Peter

Lush^3-e      Lush^2      Blaxius^2      Ethernet^2     HDMI^2     XLR^2

XXHighEnd (developer)

Phasure NOS1 24/768 Async USB DAC (manufacturer)

Phasure Mach III Audio PC with Linear PSU (manufacturer)

Orelino & Orelo MKII Speakers (designer/supplier)

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I suggest that you set your budget then visit a dealer that stocks a wide variety of loudspeakers.

Choose a competent amplifier (avoid valve amplifiers when comparing speakers) and listen to a bunch of speakers that fit your budget.

Ask the dealer for a recommendation and try to listen to his "best" system as well; these and your current system will set the references.

Take your CD player along and compare the sound of the ripped files from PC+D/AC (make sure the PC is adequately setup and uses adequate playback sw) with that of the CDs from your player.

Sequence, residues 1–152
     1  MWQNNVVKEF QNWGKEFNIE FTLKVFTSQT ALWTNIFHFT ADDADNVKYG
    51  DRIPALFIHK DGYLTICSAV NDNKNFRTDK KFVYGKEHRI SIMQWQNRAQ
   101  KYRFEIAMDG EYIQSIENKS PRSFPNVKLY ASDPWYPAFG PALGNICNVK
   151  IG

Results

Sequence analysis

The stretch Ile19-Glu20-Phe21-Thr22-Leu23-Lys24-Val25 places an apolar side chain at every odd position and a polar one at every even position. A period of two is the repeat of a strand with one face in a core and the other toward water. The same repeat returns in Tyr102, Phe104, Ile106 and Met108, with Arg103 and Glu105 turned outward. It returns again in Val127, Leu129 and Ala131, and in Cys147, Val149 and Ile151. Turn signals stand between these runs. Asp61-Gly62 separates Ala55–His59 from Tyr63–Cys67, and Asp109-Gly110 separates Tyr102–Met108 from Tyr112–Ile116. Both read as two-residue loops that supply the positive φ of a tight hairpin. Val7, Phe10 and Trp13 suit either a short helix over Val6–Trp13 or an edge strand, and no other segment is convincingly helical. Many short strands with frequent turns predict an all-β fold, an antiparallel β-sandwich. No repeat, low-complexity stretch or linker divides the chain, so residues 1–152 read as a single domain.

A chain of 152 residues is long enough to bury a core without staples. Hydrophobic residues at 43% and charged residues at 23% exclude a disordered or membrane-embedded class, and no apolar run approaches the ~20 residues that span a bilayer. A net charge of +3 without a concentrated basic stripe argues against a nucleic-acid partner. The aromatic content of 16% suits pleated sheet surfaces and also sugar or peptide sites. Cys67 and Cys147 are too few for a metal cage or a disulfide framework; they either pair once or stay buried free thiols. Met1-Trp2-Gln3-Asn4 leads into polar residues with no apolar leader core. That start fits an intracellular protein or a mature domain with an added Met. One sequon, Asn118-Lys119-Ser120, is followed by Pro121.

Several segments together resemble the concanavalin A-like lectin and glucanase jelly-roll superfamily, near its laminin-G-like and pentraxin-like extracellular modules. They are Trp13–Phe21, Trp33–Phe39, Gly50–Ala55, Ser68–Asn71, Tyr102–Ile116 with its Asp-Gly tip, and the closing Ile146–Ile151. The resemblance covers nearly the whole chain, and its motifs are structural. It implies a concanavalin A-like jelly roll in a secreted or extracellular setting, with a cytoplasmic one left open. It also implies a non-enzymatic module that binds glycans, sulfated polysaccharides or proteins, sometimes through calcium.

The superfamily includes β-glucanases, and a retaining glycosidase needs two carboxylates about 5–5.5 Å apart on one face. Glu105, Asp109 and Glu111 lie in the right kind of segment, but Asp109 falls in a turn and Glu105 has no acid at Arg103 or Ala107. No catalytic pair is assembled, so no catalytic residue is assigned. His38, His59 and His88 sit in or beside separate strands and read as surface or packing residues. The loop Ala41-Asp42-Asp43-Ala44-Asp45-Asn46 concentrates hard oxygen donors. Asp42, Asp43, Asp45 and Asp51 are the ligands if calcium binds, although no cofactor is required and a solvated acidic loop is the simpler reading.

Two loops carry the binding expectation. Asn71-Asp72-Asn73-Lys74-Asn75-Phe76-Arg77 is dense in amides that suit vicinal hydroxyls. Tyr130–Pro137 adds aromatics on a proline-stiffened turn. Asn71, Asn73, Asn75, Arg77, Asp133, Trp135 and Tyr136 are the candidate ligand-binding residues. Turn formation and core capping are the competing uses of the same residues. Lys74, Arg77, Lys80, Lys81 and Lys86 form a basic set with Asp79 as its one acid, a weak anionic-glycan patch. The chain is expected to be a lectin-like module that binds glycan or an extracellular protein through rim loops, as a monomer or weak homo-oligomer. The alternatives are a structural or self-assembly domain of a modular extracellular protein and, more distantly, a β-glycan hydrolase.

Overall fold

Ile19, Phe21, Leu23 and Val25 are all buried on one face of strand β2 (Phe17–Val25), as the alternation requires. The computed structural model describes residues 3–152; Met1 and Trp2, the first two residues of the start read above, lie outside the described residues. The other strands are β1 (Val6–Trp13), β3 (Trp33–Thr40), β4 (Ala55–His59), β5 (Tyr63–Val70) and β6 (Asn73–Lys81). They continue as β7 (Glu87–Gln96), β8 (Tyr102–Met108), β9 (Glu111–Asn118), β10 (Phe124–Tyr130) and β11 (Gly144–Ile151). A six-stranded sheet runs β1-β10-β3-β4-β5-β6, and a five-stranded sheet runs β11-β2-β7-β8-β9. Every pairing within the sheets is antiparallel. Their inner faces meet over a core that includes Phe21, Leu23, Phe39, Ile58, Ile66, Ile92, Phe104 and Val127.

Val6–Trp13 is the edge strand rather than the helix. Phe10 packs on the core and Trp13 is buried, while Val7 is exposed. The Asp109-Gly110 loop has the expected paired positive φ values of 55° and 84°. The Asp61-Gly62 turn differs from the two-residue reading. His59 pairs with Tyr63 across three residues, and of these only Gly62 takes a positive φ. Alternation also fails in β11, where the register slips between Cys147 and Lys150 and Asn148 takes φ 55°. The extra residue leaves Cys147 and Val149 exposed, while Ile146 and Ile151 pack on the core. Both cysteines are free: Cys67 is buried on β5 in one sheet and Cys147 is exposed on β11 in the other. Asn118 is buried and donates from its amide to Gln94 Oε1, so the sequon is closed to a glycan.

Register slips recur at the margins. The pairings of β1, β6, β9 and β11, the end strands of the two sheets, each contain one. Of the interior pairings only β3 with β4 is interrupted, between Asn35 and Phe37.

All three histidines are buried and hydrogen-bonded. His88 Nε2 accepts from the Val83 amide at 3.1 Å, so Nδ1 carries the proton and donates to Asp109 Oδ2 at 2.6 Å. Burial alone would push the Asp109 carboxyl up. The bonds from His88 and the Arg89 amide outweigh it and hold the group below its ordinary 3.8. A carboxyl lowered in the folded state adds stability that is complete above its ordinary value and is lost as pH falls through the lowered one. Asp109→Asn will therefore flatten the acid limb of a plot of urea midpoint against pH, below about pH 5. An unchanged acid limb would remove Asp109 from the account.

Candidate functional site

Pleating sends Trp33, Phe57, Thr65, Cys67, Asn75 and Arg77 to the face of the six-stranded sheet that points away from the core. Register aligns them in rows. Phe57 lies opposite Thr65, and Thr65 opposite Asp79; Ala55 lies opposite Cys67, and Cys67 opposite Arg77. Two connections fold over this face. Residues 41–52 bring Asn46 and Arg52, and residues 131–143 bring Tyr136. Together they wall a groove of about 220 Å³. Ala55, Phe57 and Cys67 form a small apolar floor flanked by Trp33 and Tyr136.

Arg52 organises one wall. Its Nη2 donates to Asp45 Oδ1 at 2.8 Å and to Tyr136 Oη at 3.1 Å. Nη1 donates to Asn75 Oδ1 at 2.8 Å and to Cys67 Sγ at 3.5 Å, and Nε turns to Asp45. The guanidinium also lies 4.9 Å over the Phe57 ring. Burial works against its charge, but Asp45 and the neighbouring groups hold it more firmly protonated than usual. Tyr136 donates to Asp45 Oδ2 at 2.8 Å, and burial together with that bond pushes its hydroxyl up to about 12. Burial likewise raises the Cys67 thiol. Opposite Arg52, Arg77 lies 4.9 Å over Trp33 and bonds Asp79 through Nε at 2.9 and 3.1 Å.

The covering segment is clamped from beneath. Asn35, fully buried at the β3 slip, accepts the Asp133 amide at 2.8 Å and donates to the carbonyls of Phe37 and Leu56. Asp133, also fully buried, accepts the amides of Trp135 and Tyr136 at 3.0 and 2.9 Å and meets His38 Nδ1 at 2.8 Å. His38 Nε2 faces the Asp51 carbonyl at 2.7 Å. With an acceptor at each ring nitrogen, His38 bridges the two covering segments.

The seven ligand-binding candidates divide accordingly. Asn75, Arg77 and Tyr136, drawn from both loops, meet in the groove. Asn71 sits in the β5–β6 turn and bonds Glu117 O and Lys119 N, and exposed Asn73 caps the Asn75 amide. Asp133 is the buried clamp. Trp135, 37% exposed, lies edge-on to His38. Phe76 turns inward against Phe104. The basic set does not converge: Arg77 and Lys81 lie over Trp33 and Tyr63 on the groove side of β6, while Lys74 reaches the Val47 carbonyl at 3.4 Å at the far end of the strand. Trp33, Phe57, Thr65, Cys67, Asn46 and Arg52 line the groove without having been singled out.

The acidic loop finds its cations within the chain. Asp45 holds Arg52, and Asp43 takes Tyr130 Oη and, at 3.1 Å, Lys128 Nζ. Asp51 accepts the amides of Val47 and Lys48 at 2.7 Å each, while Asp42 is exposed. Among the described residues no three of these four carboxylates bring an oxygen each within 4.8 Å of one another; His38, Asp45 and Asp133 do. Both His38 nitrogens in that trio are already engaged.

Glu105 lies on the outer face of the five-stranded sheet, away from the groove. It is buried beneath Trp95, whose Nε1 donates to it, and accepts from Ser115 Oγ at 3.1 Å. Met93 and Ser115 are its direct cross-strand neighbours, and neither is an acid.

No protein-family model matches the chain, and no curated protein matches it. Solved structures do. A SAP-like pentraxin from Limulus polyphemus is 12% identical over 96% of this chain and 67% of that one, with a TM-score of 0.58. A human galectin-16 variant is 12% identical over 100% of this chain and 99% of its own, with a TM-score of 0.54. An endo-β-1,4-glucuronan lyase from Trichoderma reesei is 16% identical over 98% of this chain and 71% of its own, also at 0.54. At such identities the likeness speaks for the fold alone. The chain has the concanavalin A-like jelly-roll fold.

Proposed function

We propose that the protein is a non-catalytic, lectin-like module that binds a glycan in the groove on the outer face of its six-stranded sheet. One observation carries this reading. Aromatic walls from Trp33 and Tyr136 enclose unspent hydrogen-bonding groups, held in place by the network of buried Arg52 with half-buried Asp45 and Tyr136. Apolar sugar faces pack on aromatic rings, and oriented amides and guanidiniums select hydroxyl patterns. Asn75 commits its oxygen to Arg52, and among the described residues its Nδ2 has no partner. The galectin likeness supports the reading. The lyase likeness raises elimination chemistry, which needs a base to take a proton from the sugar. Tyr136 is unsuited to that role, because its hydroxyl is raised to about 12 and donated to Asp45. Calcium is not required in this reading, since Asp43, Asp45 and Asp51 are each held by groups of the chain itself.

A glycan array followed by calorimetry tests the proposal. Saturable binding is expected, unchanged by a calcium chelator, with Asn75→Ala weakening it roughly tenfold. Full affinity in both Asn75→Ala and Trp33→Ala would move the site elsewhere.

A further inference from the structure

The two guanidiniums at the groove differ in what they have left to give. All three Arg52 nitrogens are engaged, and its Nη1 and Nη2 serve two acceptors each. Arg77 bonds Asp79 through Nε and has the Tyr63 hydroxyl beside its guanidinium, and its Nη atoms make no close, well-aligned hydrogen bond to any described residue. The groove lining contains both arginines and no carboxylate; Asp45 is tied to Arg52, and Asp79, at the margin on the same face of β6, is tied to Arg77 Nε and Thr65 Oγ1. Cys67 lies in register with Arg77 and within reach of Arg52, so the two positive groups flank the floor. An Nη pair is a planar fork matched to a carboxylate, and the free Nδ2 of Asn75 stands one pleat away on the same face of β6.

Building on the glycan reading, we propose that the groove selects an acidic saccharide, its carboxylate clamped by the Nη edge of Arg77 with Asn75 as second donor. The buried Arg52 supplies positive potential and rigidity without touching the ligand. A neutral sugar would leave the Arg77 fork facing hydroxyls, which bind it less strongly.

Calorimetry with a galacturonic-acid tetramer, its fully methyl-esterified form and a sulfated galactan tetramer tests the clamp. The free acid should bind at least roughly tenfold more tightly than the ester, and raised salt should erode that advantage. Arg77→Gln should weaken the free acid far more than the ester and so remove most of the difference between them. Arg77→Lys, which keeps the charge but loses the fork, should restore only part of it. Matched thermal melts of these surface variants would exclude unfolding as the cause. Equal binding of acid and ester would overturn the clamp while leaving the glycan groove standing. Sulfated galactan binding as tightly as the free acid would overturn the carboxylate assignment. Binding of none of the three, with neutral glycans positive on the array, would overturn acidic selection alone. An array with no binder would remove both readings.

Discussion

System building requires references, both of reproduced sound and of live sound (if your target is "natural" sound) and comparing what you are hearing with those same references.

It wouldn't be a bad idea to visit a few dealers and listen to their "best" systems.

The only caveat is that "best" is very much dependent on opinion (taste)...

 

Usually a good piece of equipment will highlight differences between recordings better (frequency range, tonal balance, mic positioning, dynamics, etc.), retain detail when playing at low levels and let you feel "comfortable" when playing loud; an "airy" and "detailed" sound usually comes from excessive high-mid/lower treble and will sound tyring on long listening sessions and avoid sepakers that only sound "warm" when played loud.

 

R

"Science draws the wave, poetry fills it with water" Teixeira de Pascoaes